- Robert Jubb (University of Reading): email@example.com
- Steven Klein (University of Chicago): firstname.lastname@example.org
Institutions are increasingly important in contemporary political philosophy. From Lea Ypi and Jonathan White’s work on parties to Bernardo Zacka’s on welfare bureaucracies and Lisa Herzog’s on complex organizations, broadly analytical political theory is focusing more and more on the goods realized and realizable by the organizations which make up the landscape of late capitalism. This institutional turn, towards taking seriously the mechanisms available for achieving any political goals, the commitments they may require and the values they may respect or promote, raises a wide range of questions. It interacts in various ways, for example, with sometimes rather abstract methodological debates about the role of ideal and non-ideal theory, as well as those around practice-dependence and independence and alleged realism and moralism.
Ought institutions to be understood as only feasibility constraints on the enactment of otherwise uncompromising a priori moral truths?
Alternatively, is considering the structure and operation of institutions the only realistic way of identifying principles which adequately capture the nature of the dilemmas to which they must speak?
Are these two positions in as much tension as this contrast suggests?
How does the appropriateness of any answer to a methodological question itself depend on considerations about structure institutions and the goods they might realize?
A turn to institutions also raises more concrete issues. What is an institution and what distinguishes institutions from other forms of organized human activity?
Which institutions should be studied, at what level of detail and with which aspirations for generality?
For example, how does the broader socio-economic framework structure the actions and so the goods realized by the staff of welfare institutions like those studied by Zacka?
Is it likely to be more useful to try to identify the distinctive value of one particular form of an institution, perhaps in a particular setting, or to specify the goods a kind of institution in general achievements?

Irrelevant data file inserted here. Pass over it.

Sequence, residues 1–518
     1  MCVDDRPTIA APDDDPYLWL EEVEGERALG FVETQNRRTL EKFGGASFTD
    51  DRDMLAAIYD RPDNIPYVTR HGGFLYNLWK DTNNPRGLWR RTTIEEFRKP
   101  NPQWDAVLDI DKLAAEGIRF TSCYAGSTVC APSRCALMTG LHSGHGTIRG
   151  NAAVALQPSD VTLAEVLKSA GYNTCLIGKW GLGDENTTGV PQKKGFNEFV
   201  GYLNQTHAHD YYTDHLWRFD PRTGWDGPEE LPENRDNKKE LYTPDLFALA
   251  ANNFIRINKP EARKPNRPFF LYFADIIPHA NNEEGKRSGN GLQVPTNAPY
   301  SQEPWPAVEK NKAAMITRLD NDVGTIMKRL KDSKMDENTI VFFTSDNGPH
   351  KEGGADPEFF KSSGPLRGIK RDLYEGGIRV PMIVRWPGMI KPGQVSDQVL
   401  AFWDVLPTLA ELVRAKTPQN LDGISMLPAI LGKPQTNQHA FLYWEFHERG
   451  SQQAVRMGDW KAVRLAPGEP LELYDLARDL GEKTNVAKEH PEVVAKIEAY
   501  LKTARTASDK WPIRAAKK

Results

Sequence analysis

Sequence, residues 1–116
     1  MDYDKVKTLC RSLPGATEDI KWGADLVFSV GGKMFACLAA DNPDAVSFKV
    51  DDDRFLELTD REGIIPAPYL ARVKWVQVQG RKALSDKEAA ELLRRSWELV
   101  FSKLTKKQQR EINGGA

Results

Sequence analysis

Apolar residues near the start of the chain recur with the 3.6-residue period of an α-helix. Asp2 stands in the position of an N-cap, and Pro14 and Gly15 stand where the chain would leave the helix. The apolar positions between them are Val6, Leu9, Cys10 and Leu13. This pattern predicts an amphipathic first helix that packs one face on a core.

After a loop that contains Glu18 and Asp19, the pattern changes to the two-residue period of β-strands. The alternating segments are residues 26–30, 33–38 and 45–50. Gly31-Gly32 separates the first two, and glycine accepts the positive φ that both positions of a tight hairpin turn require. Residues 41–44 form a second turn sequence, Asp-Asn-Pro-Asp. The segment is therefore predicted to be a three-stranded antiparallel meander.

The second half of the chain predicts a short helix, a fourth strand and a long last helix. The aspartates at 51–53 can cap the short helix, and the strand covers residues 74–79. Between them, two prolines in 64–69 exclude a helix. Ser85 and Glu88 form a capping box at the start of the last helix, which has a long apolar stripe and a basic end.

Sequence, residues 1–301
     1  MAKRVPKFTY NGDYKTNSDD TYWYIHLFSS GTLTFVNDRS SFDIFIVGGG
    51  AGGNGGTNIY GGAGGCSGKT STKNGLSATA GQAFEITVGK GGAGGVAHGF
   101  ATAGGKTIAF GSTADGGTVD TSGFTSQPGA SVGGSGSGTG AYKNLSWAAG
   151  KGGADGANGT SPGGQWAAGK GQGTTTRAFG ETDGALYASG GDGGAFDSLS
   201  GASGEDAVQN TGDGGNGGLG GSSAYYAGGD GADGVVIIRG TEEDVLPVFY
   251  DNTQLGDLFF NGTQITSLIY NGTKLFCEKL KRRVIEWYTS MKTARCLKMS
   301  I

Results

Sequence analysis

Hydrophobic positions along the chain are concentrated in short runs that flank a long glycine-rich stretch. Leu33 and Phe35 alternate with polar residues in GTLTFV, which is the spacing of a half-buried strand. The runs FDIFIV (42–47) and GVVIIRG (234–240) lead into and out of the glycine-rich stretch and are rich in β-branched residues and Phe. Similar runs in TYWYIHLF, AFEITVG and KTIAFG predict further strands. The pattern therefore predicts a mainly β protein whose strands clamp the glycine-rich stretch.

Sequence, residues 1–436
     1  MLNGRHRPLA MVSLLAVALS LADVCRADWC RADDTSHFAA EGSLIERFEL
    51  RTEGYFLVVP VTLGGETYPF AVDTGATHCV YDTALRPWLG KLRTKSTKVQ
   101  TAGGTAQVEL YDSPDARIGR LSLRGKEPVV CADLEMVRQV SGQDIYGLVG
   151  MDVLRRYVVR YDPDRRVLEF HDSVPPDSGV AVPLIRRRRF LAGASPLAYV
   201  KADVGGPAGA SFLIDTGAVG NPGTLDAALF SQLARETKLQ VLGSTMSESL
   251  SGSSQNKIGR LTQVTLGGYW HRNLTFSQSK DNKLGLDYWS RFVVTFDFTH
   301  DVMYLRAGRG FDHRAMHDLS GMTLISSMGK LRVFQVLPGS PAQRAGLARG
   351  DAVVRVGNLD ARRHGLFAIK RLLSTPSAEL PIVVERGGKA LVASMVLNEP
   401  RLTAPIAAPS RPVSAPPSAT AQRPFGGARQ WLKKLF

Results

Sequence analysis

Does it make sense to confine reflection on institutions and the way in which they can inform normative political theory to individual states and societies or is the methodological nationalism widely criticized in debates about global justice a more general problem?
How should different institutions be identified, never mind selected, for consideration?
Is there, for instance, a single global financial order, and when might political theorists appropriately turn their attention to it?
Political scientists, economists, sociologists, anthropologists, legal scholars and historians have all described, conceptualized and theorized institutions of various sorts. A further question posed by political theory’s institutional turn then is the extent to which political theorists should rely on the division of labour implied by these disciplinary divides, and how.
What can political theorists gain from the analyses of institutions proposed in these other fields?
Ought political theorists simply to take for granted the conclusions reported by other disciplines, and if so, what should they do in the case of conflict, either within or between disciplines?
Where other scholars have asked different questions than those in which they are interested, how, if at all, should they revise their views about what they need to understand?
This panel welcomes reflections on any and all of these questions, particularly where it occurs through discussions of particular institutions, values, principles or goods.